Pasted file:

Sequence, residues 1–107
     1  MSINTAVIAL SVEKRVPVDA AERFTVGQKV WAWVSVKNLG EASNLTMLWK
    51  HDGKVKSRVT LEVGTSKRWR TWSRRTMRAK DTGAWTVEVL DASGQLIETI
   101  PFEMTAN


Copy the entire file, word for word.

Sequence, residues 1–107
     1  MSINTAVIAL SVEKRVPVDA AERFTVGQKV WAWVSVKNLG EASNLTMLWK
    51  HDGKVKSRVT LEVGTSKRWR TWSRRTMRAK DTGAWTVEVL DASGQLIETI
   101  PFEMTAN